As per the personal experience with misinformation I shared in my reply to Kymberly’s comment, I believe some members of the public will never be willing to accept facts that clash with their opinions. It saddens me, but such people have always existed. For example, just look at the existence of “flat earthers”, despite over two millennia of scientific consensus contrary to their beliefs! A lot of people in a lot of different disciplines are working on preventing and limiting misinformation, and with practice the methods used will improve. Unfortunately, as such tactics are refined, I anticipate the devices used to spread disinformation and misinformation will also be adjusted. That does not mean that we should give up trying to combat misinformation. Both from an academic viewpoint, and from a personal one, it is worth fighting. Please, do not stop! Regards, Karena

  2. A super interesting paper Karena!
    This is the first I am hearing of Fridays for Future. With disinformation and the old saying, “don’t believe everything you see on the Internet”, I have found it really hard to decipher what information is correct. Something I have always found difficult is believing people in high positions who are making large profits from something, so your mention of members of the API really stood out to me.
    Your paper has made me want to research more and extend my current knowledge on climate change and to research more on activism. I might have to engage more on Twitter (but of course further research what I am reading on there) as this seems to be where it is all happening!

    1. Thanks, Alicia! I did not realise until recently myself, but Fridays for Future is also known under alternate names including School Strike 4 Climate, Youth for Climate, Climate Strike and Youth Strike for Climate. There are a lot of different organisations out there now spreading awareness of climate change, and so many of them are driven by young people! I am really impressed by how many youths are willing to give up their spare time and devote their energy to fighting for our planet. This great article by (2019) refers to some of their achievements. Do you follow any climate change influencers on social media platforms? I could have focused my entire paper entirely on influencers such as these!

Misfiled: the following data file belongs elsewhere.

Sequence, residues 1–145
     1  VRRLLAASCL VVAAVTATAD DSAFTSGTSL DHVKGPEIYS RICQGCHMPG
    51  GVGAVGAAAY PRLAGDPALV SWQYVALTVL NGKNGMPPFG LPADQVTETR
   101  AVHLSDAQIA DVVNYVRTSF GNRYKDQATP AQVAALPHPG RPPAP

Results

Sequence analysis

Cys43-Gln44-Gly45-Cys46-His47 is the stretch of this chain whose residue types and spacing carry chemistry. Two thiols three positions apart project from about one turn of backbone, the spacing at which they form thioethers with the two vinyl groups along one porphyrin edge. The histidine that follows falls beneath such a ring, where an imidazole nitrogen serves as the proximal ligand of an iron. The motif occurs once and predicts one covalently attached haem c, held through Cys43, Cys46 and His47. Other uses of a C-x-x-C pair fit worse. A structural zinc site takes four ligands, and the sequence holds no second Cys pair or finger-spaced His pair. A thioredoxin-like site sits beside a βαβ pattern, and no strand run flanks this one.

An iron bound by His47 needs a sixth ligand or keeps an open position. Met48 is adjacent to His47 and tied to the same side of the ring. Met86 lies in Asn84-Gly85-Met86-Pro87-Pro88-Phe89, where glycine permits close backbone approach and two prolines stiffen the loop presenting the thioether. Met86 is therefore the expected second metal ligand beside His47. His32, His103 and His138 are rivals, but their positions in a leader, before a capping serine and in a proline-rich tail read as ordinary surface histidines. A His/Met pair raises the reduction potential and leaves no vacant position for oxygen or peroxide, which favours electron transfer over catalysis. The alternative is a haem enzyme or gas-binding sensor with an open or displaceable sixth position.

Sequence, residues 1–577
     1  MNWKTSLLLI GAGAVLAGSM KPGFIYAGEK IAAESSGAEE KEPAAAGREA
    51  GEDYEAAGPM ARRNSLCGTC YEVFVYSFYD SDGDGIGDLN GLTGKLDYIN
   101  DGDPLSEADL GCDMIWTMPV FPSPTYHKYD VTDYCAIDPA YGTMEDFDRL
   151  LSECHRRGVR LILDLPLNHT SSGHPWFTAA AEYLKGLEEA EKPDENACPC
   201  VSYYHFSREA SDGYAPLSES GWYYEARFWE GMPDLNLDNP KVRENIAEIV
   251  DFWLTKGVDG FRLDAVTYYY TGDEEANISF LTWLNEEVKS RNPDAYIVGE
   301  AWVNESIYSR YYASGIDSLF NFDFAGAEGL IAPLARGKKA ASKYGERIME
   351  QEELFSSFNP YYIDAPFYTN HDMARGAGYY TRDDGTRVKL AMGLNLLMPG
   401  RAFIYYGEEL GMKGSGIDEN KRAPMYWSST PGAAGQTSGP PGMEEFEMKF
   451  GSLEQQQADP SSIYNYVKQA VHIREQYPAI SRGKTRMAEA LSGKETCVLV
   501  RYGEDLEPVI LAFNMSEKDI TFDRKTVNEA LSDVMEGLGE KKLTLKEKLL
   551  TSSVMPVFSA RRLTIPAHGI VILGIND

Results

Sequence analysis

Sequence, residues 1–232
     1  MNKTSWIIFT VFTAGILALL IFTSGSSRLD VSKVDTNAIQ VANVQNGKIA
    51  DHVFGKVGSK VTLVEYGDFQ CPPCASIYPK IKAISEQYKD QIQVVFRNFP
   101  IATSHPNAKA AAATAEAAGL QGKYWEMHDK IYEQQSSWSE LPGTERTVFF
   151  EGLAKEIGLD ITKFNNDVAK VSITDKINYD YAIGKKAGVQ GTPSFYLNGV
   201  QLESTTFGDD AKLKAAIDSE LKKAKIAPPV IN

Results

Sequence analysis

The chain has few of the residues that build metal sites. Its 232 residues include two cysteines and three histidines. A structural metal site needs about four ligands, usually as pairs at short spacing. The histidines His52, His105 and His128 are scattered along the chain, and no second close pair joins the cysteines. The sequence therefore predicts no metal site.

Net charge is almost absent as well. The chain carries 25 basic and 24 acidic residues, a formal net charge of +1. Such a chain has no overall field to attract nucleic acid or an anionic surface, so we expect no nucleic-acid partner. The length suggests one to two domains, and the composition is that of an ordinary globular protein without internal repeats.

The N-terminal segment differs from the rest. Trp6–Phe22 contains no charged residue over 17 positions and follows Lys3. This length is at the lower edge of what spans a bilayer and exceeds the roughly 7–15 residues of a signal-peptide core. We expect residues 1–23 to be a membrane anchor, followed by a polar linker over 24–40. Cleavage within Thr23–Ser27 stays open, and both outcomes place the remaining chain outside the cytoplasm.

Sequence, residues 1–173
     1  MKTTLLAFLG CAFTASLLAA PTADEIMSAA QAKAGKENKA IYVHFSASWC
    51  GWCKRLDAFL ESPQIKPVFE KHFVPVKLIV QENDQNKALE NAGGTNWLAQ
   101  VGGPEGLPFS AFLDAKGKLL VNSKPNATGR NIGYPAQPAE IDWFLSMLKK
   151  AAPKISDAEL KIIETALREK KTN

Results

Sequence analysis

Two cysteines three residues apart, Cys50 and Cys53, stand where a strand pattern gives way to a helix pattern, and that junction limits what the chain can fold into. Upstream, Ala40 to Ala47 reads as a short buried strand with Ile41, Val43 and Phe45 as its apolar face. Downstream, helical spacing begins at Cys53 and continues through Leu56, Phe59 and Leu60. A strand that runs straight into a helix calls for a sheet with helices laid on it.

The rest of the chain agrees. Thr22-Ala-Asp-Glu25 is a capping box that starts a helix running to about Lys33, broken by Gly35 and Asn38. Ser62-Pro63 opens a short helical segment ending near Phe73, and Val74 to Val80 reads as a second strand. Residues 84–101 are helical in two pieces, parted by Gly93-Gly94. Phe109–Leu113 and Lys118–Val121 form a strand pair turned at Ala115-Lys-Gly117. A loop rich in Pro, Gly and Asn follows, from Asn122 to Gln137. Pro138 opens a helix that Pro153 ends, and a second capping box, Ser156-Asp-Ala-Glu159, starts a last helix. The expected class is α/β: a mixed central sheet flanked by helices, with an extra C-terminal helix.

However, disinformation and misinformation really fascinate me. The more I learn, the more I become aware (as you say) that you generally cannot trust information on the internet at face value. When I was younger, I believed that photographs and video footage could be used as evidence of something. Not anymore! Now they have “deep fakes” (Smith & Mansted, 2020: which can be so good that a layperson like me cannot tell them apart from the real thing. It does make me start to wonder just how much “official” information we can believe, and I can understand how easy it would be to go down a “rabbit hole” and only believe information that fits with my current world view, refusing to believe anything else no matter what “facts” are presented to me.

      Yes, people making large profits do not gain my trust easily either. I know it is a generalisation, but I tend to believe that you cannot earn billions of dollars if you are entirely altruistic. Like any generalisation there are exceptions, such as Chuck Feeney, owner of Duty Free Shoppers. He established a foundation to secretly give away nearly all his wealth! There are a few articles on him, you could try reading Neate (2020) at, it is quite heart-warming!

      Climate change, and online activism in general, are interesting topics. I have been pleased to see my son assigned schoolwork on climate change, as I feel this important subject should be taught to our young people sooner rather than later. Please do not feel you need to engage on Twitter, though. I could have researched many SNSs but thought it best to focus on just a couple. Climate change activism is surely occurring on any social media platform available! Which platform do you use the most? A few minutes searching should lead you to a group of activists. Please have a quick look, I would love to know what you find! Thank you, Karena.

      1. Hi Karena!
        Thank you for the extra information so I can further my knowledge on this topic. I will definitely be reading up on what you’ve mentioned in your reply!
        I do not follow any climate change Influencers as I have never heard of many mentioned. I do know of Greta Thunberg but I do not follow her myself, and I have to admit I didn’t know there was such a plethora of such Influencers!
        I use Instagram and TikTok mainly and despite not following climate change Influencers I have seen a handful of people on my ‘for you page’ on TikTok talking about these issues.